Throughout its eighth decade from July 2002 to June 2012, the club started to provide an annual award for community service to a Cranbury youth and installed a new eyeglass collection box in front of Cranbury Library, instituted two new annual scholarships, volunteered to repair historic barns on the Updike property in exchange for storage space and started a Valentine’s Day roses fundraiser and an art auction. In June 2007, the club hosted its 75th anniversary event and donated the proceeds to the Cranbury EMS, local Scouting and camps for blind and disabled children and adults. Although the Lions discontinued the annual Halloween Parade, in October 2007 they started the pumpkin carving event, which still takes place annually at Cranbury School.
Throughout the first decade of the 2000s, Cranbury Lions took over the New Jersey Lions Day at the New Jersey Devils, distributed phone cards to troops overseas and donated money to a family in town who lost their home to a fire. The club also conducted a coat drive, held its first annual Gil & Bert’s Ice Cream fundraiser and helped with a Habitat for Humanity house project in Hightstown. Lions had to cancel their annual golf outing due to a saturation of area golf outings and lack of public participation but they still helped the Helene Cody Foundation get started with a one-time donation and provided Haiti earthquake relief funding.
In 2011, the Lions started the annual Rubber Duck Race, which has become an annual event on Cranbury Day and one of the club’s most successful fundraisers. In December 2011, the Lions donated the bench in front of Teddy’s restaurant to honor Teddy Nikitiades. In 2012, a historic retrospective on the club opened in the Cranbury Museum and the Club, with the help of local Scouts, planted 80 trees in town to signify its 80 years of service.
Today, the club remains a hub and a driving force in the community. Secretary John Ryan, who has been a Lion for over 25 years, originally with the East Brunswick Lions Club, and now, since he lives in Monroe with the Cranbury Lions Club, said, “The Lions don’t have clubhouses, don’t have secret meetings, they’re just regular men and women wanting to help. As you know we do all kinds of good stuff in the community, we have fun doing it and don’t make a big deal about what we do. All the monies we earn go back 100 percent to help others. Why should someone join? Only if they want to part of the solution.”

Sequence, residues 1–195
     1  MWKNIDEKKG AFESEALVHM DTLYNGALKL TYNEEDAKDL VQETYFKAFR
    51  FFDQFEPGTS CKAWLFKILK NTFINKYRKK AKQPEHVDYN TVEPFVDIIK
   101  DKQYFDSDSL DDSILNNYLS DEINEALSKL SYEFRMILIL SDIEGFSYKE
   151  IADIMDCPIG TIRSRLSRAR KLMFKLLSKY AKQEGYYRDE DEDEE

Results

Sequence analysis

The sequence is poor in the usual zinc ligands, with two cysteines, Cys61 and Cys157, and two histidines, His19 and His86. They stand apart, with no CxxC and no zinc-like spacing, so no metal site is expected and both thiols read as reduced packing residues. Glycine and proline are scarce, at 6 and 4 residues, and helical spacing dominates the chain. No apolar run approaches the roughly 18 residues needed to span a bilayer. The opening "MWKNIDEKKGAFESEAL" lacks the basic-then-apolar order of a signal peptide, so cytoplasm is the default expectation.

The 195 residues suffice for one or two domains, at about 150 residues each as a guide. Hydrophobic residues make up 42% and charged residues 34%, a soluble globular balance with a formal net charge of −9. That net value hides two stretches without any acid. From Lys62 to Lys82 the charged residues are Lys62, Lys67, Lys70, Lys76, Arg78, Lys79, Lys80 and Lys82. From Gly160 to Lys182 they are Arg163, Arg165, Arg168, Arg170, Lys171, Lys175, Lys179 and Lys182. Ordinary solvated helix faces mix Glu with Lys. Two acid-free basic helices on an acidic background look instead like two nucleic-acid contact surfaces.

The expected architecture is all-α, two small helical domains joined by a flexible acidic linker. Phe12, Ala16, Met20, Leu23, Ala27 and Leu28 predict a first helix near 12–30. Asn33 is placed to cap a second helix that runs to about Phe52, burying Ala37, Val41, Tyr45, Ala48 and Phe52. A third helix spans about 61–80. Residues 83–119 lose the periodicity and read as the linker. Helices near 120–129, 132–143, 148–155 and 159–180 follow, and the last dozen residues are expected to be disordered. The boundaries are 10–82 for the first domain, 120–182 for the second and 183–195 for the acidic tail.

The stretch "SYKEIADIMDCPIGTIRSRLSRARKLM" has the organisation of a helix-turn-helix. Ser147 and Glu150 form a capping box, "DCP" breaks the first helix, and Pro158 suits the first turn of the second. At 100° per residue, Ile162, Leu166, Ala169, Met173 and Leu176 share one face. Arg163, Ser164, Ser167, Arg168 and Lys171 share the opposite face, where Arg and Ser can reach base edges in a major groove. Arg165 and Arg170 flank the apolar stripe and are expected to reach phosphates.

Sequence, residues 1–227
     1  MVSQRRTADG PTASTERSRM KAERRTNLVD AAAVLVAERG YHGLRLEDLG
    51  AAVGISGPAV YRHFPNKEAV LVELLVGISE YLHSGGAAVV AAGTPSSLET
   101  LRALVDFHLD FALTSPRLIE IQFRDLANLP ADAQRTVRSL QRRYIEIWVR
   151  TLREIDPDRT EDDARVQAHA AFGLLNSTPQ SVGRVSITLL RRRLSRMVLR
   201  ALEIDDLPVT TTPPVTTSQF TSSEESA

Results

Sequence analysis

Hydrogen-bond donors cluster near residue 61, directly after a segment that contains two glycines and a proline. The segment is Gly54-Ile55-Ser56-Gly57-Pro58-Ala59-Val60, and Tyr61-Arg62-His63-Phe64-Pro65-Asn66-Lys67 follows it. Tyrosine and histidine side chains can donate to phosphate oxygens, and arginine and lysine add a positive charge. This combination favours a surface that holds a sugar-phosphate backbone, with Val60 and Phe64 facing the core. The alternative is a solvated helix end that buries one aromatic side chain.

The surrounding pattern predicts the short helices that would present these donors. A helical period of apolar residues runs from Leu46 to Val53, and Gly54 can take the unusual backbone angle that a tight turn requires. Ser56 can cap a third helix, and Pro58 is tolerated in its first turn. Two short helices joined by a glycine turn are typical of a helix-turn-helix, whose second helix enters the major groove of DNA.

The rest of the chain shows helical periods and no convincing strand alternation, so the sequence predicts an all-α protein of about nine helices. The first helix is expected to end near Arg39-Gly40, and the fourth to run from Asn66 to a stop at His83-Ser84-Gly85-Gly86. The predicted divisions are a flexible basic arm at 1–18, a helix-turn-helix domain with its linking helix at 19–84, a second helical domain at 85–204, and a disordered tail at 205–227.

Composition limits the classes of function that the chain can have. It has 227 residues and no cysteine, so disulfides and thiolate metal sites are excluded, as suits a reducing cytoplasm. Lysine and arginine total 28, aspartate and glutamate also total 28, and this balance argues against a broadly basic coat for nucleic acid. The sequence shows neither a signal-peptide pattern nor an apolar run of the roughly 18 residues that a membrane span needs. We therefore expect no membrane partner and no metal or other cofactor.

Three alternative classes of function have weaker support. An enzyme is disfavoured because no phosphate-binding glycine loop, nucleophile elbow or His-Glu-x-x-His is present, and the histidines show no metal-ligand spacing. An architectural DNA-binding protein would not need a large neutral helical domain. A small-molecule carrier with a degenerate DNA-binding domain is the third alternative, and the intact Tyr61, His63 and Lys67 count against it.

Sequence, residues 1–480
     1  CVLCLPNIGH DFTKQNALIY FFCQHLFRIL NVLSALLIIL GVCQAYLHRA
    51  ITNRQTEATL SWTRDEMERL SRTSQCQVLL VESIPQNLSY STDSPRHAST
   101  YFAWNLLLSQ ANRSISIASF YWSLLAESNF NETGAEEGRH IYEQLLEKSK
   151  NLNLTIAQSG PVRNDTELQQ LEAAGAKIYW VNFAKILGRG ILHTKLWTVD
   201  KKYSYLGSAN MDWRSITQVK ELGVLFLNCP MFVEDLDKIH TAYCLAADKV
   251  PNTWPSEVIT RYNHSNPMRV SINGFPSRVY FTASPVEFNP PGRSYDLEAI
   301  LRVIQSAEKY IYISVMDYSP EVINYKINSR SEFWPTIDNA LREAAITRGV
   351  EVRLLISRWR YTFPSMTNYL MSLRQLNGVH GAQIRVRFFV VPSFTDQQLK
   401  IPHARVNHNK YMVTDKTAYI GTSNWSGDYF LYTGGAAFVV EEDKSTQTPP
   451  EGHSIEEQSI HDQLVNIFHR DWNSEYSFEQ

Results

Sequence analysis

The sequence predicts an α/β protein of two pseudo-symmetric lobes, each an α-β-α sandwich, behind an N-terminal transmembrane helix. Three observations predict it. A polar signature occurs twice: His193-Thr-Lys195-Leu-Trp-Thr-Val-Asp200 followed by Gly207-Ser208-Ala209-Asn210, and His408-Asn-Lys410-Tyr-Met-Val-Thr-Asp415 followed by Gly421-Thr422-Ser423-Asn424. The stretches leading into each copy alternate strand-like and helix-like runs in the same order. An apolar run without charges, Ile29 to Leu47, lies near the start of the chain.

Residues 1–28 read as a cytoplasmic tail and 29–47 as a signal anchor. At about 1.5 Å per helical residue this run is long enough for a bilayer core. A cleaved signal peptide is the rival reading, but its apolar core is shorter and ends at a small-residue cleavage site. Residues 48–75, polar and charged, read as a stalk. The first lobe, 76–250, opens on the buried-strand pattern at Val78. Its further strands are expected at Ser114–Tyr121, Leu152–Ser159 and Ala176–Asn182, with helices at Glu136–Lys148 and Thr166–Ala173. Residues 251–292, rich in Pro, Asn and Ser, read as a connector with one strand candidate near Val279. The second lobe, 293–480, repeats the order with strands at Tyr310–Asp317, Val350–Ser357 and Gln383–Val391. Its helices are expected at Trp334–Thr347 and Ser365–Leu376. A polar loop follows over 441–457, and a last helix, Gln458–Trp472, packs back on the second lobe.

Mr. Ryan said he joined because he felt a need to help in an organized fashion and the Lions afforded him that opportunity.
“The people who gravitate to the Lions are truly wonderful people who need to help — it’s what we do,” he said.
In his time with the Lions he has been treasurer, president, secretary and just a regular Lion.
“Now I am on the Eversight Board — Eversight is the eye bank for New Jersey providing corneal transplant material,” he said.
The Cranbury Lions Club is always looking for new members, according to Membership Chairman John Goldstein.
Mr. Goldstein said membership is ideal is for young people, working people, those who have children in school, those approaching and in middle age and those who are retired.
“These are all good candidates for Lions and for sustaining the club into the future,” he said.
He said the time commitment is personal, with some Lions showing up once a year and others showing up at every event. Those interested in joining can work on a few projects and get to know the folks involved and see if they enjoy being a Lion before making a commitment, he said.
“It’s not a tug-your-arm process,” he said. “And we are not a fraternal organization. We’re a civically-oriented organization focused on service.”
“One hundred percent of the money the club raises is used for charity, 75 percent of which supports local and regional not-for-profit projects such as autism, emergency services — fire, EMS, and disaster relief, the food bank, Little League, Scouting, scholarships and the Quest Program,” Cranbury Lions Club President Phillis Johnson said. “And because our organizational focus is blindness prevention, the remainder of the funds we raise goes to eye banks, eyeglass repair, diabetes and other sight saving programs and organizations,” she added.
The club currently meets once per month at Teddy’s Restaurant.
Upcoming Lions Club events include the Halloween Pumpkin Carving at Cranbury School on Oct. 30. The club’s 67th annual Pancake Breakfast will be held in the Cranbury School cafeteria on Dec. 6. The club is expecting Santa to show up this year.
For more information about the Cranbury Lions Club or to find out more about becoming a member, visit http://www.cranbury.org/clubs/Lions/servclub.htm. 